Charmaine Phillips, South Africa’s own “Bonny”, was released on parole in August 2004 after serving almost 20 years of her four life sentences in prison. She (19 at the time) and her 35-year old lover, Pieter Grundlingh, became known as “Bonny & Clyde”, after a series of murders that fascinated the country in the early 1980s. The couple pleaded not guilty to six charges of murder, robbery and fraud, but were convicted on all charges. Grundlingh was hanged on July 30, 1985. Phillips was released on parole in August 2004.
The couple’s son, Pieter Grundlingh, now 21, was six months old when his parents were arrested, and was with his parents when they committed all four murders.  He has been involved in crime and drugs since he was twelve years old, and was released on parole from the same prison as his mother earlier in the same month. Pieter, a member of a notorious gang, was serving a sentence for being in possession of stolen goods. He had been in and out of prison for years. It has also been reported that Grundlingh is “terminally ill”.

Judging from the amount of coverage that the release received, there seemed to be significant interest in the private life, personal details and future plans of Charmaine Phillips. Some reports indicated, for instance, that she will be working as a hairdresser. Since much of the detail of her years behind bars and her new life remain undisclosed or in confidential prison reports, one of the few sources available to the media was the couple’s son, Pieter jr., whose years in foster care, addiction to drugs and criminal activities became a news topic in its own right, with several reports dwelling on his tragic life story. The Sunday Times reported that although Grundlingh was peppered by questions from the news media, he remained reluctant to talk, since his story was sold to a magazine for R15 000.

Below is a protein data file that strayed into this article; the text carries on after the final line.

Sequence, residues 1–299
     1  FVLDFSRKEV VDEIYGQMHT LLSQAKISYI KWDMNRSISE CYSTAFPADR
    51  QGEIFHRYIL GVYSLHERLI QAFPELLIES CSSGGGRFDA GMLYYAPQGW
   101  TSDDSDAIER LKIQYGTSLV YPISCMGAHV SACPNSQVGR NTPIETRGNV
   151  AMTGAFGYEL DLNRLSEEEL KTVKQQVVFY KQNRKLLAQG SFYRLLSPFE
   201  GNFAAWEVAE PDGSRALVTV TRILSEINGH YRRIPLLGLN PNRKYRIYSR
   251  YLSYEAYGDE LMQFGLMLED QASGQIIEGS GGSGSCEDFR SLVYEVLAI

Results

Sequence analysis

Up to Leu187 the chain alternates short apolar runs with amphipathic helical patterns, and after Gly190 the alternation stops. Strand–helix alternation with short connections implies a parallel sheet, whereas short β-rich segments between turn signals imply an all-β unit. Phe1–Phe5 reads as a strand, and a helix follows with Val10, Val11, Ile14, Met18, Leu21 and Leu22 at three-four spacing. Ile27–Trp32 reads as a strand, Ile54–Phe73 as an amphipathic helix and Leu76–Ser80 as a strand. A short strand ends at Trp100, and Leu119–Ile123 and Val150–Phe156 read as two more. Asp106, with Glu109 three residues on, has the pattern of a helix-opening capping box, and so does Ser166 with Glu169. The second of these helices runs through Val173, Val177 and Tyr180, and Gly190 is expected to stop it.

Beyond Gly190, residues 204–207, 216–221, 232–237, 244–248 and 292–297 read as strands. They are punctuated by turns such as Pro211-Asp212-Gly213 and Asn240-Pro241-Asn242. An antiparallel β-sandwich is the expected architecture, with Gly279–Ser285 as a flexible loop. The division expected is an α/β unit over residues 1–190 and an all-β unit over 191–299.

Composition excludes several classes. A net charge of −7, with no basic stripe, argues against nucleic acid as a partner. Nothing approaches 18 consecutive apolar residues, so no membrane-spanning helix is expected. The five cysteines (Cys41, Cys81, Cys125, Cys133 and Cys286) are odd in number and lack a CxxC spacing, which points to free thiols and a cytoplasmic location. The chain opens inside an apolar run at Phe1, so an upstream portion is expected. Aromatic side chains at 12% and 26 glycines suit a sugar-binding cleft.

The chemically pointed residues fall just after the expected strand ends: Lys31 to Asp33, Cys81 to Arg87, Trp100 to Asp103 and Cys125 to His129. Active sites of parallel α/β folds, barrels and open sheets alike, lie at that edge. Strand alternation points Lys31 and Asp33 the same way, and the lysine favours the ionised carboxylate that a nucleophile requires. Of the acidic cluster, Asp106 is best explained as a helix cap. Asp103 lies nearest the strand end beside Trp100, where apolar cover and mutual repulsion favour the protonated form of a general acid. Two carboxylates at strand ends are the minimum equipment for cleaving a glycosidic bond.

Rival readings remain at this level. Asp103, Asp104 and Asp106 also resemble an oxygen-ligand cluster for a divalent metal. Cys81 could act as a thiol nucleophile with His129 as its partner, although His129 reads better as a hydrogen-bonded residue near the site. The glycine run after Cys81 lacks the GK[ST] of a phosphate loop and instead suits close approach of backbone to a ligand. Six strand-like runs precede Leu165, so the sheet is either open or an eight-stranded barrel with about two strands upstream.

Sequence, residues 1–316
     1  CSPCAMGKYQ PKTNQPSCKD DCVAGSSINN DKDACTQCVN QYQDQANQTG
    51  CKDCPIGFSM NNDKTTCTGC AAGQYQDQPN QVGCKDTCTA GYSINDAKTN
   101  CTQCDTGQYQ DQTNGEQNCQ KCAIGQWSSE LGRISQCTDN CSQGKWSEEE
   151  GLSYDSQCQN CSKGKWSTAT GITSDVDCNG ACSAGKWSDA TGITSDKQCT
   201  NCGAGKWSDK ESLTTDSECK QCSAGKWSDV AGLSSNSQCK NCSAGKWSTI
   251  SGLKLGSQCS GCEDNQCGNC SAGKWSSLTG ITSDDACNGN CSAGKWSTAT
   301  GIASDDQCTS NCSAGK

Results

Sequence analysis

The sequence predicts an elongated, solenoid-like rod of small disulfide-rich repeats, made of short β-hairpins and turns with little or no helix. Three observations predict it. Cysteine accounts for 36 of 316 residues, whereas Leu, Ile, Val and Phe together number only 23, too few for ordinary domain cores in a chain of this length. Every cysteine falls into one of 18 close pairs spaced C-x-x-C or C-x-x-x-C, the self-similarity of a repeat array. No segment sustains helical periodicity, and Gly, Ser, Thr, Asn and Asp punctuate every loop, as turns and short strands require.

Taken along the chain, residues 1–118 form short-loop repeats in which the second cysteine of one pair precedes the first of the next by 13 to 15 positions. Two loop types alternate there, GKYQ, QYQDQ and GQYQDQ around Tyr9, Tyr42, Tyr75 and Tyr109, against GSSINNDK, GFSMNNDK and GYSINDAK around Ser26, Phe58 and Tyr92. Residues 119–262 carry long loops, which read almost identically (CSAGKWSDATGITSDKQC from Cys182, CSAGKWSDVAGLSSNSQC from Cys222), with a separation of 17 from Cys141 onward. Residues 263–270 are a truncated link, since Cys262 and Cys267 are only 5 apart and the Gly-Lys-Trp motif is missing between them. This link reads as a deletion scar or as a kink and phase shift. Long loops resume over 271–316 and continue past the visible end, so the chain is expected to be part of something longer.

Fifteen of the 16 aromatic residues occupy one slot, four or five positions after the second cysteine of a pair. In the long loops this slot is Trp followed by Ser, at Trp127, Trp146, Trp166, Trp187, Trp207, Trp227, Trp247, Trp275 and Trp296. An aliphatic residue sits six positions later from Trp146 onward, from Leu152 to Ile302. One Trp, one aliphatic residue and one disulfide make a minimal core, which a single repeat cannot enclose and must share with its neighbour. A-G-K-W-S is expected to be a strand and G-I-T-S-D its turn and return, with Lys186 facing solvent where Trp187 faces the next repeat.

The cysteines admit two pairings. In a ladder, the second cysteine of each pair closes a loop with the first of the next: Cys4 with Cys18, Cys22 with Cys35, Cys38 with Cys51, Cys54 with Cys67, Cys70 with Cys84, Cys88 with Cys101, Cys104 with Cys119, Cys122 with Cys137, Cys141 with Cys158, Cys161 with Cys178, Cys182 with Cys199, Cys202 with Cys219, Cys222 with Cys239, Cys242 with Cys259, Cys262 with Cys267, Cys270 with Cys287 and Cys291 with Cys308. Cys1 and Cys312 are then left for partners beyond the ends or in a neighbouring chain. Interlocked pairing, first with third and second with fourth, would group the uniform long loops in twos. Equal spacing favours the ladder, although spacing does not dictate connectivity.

Some questions to consider:

  • Is it ethical to pay a paroled criminal and self-confessed drug addict a large sum of money in order to extract from him private information about his mother?
  • Does that infringe on the privacy of an individual who has seemingly chosen not to speak to the media about her private life?
  • Is it legitimate to focus attention on the son, simply because of the interest in his mother?

By Jana Marais, Stellenbosch University